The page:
It has formed clandestine trade unions which try to protect workers from the continuous deep violation of fundamental human and workers rights, by the junta.
is time that the junta stops accusations and threatening against the
General Secretary of FTUB Maung Maung and the other trade union
leaders. Only few days ago, we have discussed in the special sitting
the still existing accusations against Shwe Man, the trade union leader
arrested last year with the false accusation of high treason for his
contact with the ILO and the FTUB. Notwithstanding his
final release, after been condemned to death penalty, subsequently
reduced to life imprisonment, still such inconceivable accusation is
requests have been done already in the previous discussions, but the
reality has remained unchanged. The legislation has not being modified
and is still strictly implemented against those trade unionists and
workers, who try to organise and to respond to the very dreadful exploitative conditions in which they are obliged to work.
was the case at the Myanmar Guston Moline Co. Ltd, a French owned
factory, located in the Hlaing Thar Yar industrial zone 3. On 9 April, a factory representative told the workers that the 5.000 kyats annual bonus for the Burmese New Year could not be paid . the 450
workers went on strike and asked to negotiate with the owner of the
company. Such request was refused. The chairman of Township Peace and
Development Council of Hlaing Tharyar intervened and both workers and the owner came to an agreement. On 18th of April, 4
women workers were arrested by the police who were brought to the
famous Insein prison. the workers of the Guston Moline factory went on
strike demanding the release of their co
workers. The day afterwards the strike was continuing when both
military and police led by major Tin San arrived announcing the closure
of the factory for an indefinite period and threatened the workers of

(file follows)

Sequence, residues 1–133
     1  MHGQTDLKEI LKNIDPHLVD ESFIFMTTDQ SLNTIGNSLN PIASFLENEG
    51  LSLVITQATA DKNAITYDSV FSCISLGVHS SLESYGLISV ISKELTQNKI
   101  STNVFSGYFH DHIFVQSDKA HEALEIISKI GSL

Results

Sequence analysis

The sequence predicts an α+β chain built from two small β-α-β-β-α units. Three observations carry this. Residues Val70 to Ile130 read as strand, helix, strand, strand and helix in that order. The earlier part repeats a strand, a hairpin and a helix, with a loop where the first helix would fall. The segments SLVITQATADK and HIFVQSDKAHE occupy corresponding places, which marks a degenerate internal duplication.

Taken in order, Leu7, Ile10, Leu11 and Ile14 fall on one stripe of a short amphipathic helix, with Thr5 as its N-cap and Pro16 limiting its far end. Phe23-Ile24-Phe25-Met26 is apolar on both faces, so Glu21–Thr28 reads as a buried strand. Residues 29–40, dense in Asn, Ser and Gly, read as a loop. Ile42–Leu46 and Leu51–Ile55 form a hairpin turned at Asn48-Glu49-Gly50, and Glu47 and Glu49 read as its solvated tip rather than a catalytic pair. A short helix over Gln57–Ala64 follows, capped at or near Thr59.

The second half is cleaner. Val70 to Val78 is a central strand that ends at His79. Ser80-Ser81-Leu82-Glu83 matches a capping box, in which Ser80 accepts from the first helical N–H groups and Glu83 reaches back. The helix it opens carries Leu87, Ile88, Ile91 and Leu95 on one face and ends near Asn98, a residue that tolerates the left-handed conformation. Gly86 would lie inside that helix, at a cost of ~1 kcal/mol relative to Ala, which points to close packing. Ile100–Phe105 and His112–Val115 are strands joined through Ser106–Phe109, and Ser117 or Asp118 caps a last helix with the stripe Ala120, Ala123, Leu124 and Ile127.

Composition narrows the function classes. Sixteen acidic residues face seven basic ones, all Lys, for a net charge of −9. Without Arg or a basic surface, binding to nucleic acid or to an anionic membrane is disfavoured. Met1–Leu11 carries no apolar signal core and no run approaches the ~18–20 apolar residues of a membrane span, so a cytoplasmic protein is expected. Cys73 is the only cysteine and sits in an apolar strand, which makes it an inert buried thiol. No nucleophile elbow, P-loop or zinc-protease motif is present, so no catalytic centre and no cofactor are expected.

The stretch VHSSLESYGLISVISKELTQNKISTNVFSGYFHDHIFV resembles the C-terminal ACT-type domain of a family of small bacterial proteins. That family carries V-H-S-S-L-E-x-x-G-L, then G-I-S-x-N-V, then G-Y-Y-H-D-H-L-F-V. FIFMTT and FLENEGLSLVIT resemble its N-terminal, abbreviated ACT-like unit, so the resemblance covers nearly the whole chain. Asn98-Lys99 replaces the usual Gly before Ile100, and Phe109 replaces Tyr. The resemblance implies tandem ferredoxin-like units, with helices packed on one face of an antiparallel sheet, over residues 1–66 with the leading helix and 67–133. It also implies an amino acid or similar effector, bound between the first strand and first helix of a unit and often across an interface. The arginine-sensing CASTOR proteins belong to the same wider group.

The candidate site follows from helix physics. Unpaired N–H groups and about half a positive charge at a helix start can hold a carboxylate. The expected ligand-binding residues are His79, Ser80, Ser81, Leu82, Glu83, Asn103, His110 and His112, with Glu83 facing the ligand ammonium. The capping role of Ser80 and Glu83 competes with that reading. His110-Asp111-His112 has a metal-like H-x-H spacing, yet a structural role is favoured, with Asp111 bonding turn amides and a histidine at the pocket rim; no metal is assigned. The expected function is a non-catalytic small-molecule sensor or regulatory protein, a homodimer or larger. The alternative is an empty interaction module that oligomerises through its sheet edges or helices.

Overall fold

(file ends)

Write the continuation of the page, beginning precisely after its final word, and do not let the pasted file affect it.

arrest, later on the Commander of the Rangoon Division General Myint
Swe arrived with 9 lockup trucks for transporting prisoners, and told
the workers to leave the compound immediately or they would ne forcibly removed and arrested. the
four workers were released on the 2nd of May. After such strike many
workers were dismissed. Now the factory has only 300 workers.
We know of some recent cases of arrests or closure of companies, in response to workers unrests because they were asking for improvement of the incredible working conditions and poor salaries. Many workers are still in jail, condemned to rigorous work (which is a polite way to describe forced prison labour).
I want to recall the case of Myo Aung Thant condemned
to life imprisonment for trade union activities, and of his wife Aye
Ma, who after having spent seven years in the terrible Insein Jail, is
now not even allowed to write to her husband.
May 21 we have been informed by the Sea Farers Union of Burma: SUB,
that one of his organisers Koe Moe Naung has been arrested on May 19th at
8 pm at his residence in Ranong at the border with Burma, by two
unidentified men, brought to a Village based Light Infantery Regiment
431 and tortured to death during interrogation.
Koe Moe was a trade union leader who was organising Burmese fishermen
and migrant workers from Burma in the Ranong province.
Gathering on occasion of May the 1st have been repressed, as well as other unrests to protest against the working conditions. For those who are not oblidged to forced labor, avarage salary in Burma reaches 4/5 US$ a month and working time is of 48 hours per week, plus 12/ 15 hours of overtime which
would be paid at 0.02 US$ each hour if only the companies would be able
to pay. In fact due to strict bank regulations, after the 2003 bank
crisis, companies cannot withdraw more than 200.000 Kyats per week,
that is 200 US$. In such conditions most of the time salaries as well
as overtime cannot be paid.
The junta claims that these situation is due to economic sanctions.
This is not true. On the contrary, since all the economy is in the
hands of the junta, who drains all the profits, only deep changes in
the economic structure and in the legislation, could bring real
benefit to the life of the Burmese working people and to the economy.
On top of that 49% of the national budget is allocated to the military
and 30% of the GDP now goes directly to the military.
In this regard, to take further time the government has repeatedly